Ian Paice readily agreed to the session, though curiously he and Macca have never met before. The project as a whole reminded me of Ian Gillan's Javelins project of a few years ago - except they did it as amateur players with Ian singing. There is something a little overblown about the way Paul's CD has been pushed, indeed the whole package is a little self important. Paicey has been all over helping Paul McCartney promote the CD. A charity bash in Hollywood in aid of animal protection (Sept. 18th at Paramount Studios), with David Gilmour also playing (broadcast on VH1 in America in October). Ian and Dave then joined Paul for a spot on Jools Holland's show "Later" on BBC2, Sat. 6th November. Trust me, I taped the previous week to catch Jeff Beck but missed Paicey! I make no excuses for missing his other UK slot, on the National Lottery show. Surely Macca can't need the dosh that bad? There was also a pre-recorded Parkinson Show special on which the band guested.

"Ian Paice was invited to join Paul McCartney at Studio 2, Abbey Road. London. to cut some old fifties rockers in March 1999, released later in the year as "Run Devil Run". The core line-up was made up of David Gilmour [Pink Floyd] and Mick Green [The Pirates] on guitars with Paul McCartney and Ian Paice. Other musicians included Pete Wingfield, Geraint Watkins and Chris Hall on keyboards and Dave Mattacks on drums and percussion. The outcome is a sequel to his 'Russian' album ["Choba B CCCP' I. Paul's selection of songs that he remembered with great affection, a real back-to-his-youth job. Worked out on the spot, with Paul just turning up with handwritten lyrics, the idea was to capture the performances fresh in one or two takes. Mick Green was also on the 'Russian' album and seems to take the lion's share of the guitar solos here over Gilmour. Paul is also credited with guitar as well as bass on some tracks. Overall, "Run Devil Run" is very much McCartney's album. The effect though is of a solid, professional band. Given the scarcity of Paice sessions though, this is probably a must-have for Paice fans." Nigel Young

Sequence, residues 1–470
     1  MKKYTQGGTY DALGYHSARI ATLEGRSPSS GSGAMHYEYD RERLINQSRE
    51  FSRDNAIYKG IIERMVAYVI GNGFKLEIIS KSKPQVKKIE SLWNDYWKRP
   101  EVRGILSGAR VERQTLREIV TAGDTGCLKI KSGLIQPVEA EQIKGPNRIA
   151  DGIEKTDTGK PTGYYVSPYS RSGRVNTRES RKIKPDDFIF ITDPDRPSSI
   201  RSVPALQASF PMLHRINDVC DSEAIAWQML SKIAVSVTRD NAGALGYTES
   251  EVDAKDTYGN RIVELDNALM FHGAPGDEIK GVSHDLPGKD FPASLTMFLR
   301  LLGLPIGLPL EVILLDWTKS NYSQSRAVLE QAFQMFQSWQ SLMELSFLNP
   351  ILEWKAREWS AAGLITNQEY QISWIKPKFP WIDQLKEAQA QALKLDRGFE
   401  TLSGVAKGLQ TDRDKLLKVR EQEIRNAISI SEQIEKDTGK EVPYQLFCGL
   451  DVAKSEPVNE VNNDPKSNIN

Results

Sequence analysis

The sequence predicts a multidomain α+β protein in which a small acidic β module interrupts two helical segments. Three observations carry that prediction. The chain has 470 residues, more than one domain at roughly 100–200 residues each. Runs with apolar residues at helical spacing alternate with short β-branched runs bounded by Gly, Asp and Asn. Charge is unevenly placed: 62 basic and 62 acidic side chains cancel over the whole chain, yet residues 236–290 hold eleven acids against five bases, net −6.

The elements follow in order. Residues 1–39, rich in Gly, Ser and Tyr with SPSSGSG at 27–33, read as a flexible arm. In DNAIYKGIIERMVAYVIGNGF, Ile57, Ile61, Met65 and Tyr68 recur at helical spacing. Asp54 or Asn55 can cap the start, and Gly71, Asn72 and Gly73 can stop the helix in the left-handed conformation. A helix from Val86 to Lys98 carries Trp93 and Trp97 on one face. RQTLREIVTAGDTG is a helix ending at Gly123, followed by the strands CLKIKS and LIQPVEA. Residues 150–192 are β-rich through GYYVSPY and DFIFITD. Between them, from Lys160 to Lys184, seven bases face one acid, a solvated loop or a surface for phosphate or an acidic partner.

Touring & Recording - News

The new Blackmore's Night CD came out in Japan via Pony Canyon on April 21st 1999, Germany and the rest of European on May 27th, the UK (and South America!) June 17th, with US (Platinum Entertainment) slated for a month later. The German sales were really hot too, shipping out something like 60,000 copies.

Ritchie Blackmore 1999Thomas Max writes to tell us he was one of the lucky 100 people who saw Blackmore's Night playing a special show in Schloss Eggersberg last year. "The sound was good, the guitar playing great, the singing - well it was there (more or less). The man had some fantastic moments when he played a little flamenco style guitar and the atmosphere of the castle seemed to fit very well. A lot of people turned up in medieval clothes - or what they thought were such. He had a dancer with them who did a Kate Bush-like elf dance. When I saw them before in Stuttgart they played "Man On A Silver Mountain", "Black Night" and "Street Of Dreams" and it was kind of awful, as this is by no means a rock and roll band (and sure no rock and roll singer!). Here they stuck to material off the two CDs and it made an interesting evening. Before the show there was a buffet, and after we had the chance to meet the man in his dressing room (he stayed there the night, the castle is run as a hotel), and get autographs"

In October the band did a series of low key American shows, their first proper gigs there (Oct 21nd Cleveland Odeon Theatre, Oct 22nd Columbus Newport Music Hall, Oct 23rd Chicago Vic Theatre, Oct 25th Pittsburgh Rosebud, Oct 27th Buffalo Sideshow Music Hall, Oct 29th Plainview, Long Island, NY). Audiences varied from the low hundred to up to 1,000 at the Long Island show, which was filmed and recorded (with the audience again asked to turn up in suitable costumes). The Buffalo show had a fair few people calling out for the Purple classics (although quite how Candice was supposed to cope with a request for A200 I'm not sure!), and after one shout too many for "Smoke" Ritchie sang the title into the mike in a none too serious manner and then said "We must move on."! This tour was followed by a handful of Italian shows in mid-November.